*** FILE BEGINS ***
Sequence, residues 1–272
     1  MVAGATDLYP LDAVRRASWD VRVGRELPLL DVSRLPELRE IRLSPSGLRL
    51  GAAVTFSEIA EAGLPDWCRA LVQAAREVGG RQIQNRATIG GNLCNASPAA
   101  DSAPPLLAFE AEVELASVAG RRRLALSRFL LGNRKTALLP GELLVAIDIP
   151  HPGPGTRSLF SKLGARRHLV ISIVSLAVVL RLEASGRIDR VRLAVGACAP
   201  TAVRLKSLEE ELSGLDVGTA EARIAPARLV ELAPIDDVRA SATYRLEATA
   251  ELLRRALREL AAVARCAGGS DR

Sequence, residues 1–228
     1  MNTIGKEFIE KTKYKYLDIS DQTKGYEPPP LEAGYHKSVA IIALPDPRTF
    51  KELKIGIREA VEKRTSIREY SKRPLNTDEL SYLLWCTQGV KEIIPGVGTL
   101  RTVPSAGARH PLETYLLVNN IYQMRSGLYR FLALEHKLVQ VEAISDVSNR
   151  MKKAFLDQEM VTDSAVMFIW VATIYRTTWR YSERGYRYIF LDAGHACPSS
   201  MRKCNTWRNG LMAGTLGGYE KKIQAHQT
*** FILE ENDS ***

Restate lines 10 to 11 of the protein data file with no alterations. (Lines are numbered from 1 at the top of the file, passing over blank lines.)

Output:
    51  KELKIGIREA VEKRTSIREY SKRPLNTDEL SYLLWCTQGV KEIIPGVGTL
   101  RTVPSAGARH PLETYLLVNN IYQMRSGLYR FLALEHKLVQ VEAISDVSNR